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Barn Fire at Kentucky State Fairgrounds Ruled Arson

As reported by the Louisville Courier-Journal

Investigators have ruled that fires at horse barns at the Kentucky Exposition Center were the result of arson.

A small fire in one barn caused little damage Monday afternoon but a second one early Tuesday morning destroyed four barns and damaged four others.

State, local and federal investigators concluded Thursday that both fires were deliberately set.

The Kentucky Division of Fire Prevention, the state fire marshal, Louisville Fire & Rescue arson investigators and the federal Bureau of Alcohol, Tobacco, Firearms and Explosives are all cooperating in the continuing investigation of the fairgrounds fires.

"The fires were definitely set," Maj. Henry Ott, head of the Louisville arson squad, said Thursday. "We all agree on that."

Ott said the two fires in two different barns about 12 hours apart led investigators to conclude arson as the cause.

"It was not a case of the wind blowing (sparks or embers) from one barn to the other. And we eliminated electrical problems as a cause."

He said the person or persons who set the fires could be charged with second-degree arson, a Class B felony punishable by 10 to 20 years in prison.

No one was injured in the fires, the first of which occurred the day after the Kentucky State Fair ended and was doused by fairgrounds employees. Dozens of top saddlebred horses were stabled in the fairgrounds barns through Saturday for the World’s Championship Horse Show during the fair, but none were there when the fires occurred.

Ott said an ATF dog, a black lab named William that was trained in detecting accelerants, helped determine where the fires may have started and pinpointed areas from which evidence was taken and sent to laboratories for testing.

Ott said the materials included sawdust and some burned wooden portions of the structures. He said it may take a month or more to get results. The barns, built after the 1974 tornado, had wooden frames and wooden roofs with asphalt shingles.

Ott said investigators will now begin conducting followup interviews, including with exposition center employees, to try to identify who may have set the fire.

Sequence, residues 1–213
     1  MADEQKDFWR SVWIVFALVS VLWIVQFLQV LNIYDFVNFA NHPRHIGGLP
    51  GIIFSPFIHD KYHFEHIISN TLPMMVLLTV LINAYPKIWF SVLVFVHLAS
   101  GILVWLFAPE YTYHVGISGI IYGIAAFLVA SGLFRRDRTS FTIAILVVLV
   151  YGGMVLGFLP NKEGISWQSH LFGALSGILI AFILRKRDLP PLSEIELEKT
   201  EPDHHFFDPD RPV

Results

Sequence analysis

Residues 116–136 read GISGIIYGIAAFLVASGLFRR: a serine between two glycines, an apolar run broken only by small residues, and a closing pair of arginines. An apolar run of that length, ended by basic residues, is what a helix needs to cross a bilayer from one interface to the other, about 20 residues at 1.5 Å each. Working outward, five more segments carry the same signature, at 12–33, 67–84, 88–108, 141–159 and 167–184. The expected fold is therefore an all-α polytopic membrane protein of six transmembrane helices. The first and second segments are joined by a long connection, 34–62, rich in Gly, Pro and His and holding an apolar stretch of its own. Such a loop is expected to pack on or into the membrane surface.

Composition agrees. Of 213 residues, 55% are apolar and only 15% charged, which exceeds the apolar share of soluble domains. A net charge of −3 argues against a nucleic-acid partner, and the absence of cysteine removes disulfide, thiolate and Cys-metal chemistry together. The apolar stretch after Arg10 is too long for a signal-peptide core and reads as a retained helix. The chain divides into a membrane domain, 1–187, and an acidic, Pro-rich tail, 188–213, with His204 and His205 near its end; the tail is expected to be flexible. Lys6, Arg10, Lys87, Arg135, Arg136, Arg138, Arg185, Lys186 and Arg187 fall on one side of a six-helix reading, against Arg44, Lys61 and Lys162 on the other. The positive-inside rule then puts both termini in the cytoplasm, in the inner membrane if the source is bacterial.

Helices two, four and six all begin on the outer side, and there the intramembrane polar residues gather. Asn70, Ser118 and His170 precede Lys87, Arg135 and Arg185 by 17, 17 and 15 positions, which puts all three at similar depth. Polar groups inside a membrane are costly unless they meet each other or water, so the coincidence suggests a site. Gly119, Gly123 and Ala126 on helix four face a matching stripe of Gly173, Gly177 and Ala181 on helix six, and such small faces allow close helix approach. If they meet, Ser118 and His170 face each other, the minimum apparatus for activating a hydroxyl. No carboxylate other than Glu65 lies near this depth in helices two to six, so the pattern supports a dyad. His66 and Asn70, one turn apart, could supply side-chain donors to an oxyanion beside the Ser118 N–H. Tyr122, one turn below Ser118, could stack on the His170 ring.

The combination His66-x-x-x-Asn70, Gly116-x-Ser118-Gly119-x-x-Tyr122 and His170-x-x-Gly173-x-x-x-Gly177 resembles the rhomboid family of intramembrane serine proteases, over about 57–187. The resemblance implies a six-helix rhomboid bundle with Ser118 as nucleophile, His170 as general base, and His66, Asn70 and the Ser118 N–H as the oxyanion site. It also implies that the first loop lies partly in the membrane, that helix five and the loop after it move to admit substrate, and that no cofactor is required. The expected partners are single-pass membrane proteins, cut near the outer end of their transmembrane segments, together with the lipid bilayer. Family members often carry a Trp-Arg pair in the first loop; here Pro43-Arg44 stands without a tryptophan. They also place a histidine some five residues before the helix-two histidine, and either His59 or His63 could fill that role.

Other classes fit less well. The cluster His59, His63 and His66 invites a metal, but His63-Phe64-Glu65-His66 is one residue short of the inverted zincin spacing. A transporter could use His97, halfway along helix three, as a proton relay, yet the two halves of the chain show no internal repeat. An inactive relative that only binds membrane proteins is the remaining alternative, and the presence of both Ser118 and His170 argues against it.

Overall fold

None of the fairgrounds barns has sprinklers and they are not required by state regulators, Ott said. He noted, however, that Churchill Downs has sprinklers in all of its barns and he said that sprinklers would probably have contained the damage to the fairgrounds barns "to a real small area."

Harold Workman, president of the Kentucky State Fair Board, estimated the damage to the barns at more than $1 million. He said the barns didn’t have sprinklers when built in 1974 because codes didn’t require them and, since then, "we have not gone back and looked at it." But including sprinklers in at least the four barns to be rebuilt "is definitely something we will consider," he said.

Workman said he has asked the state Finance and Administration Cabinet for emergency funds to rebuild the four destroyed barns. He said insurance should pay for most of the cost of replacing the barns.

Workman said the fairgrounds still has 16 usable barns, including the four that sustained minimal fire damage — mainly charred columns and some roof damage. Each of the 16 barns can stable about 50 horses.

Workman said the barns used primarily wood chips for bedding. The wood chips probably helped feed the large fire once it started, Ott said.

Workman said construction of new barns, once under way, should take about two months. He said he doubted if new barns could be in place for the North American International Livestock Expo, Nov. 6-20, which includes both a quarter horse and a draft horse show. He said the horse shows may be able to be staged without major problems, if the organizers can carefully schedule when horses arrive at and depart the fairgrounds.

Anyone with information about the fire is asked to call the state’s arson hotline at (800) 272-7766.

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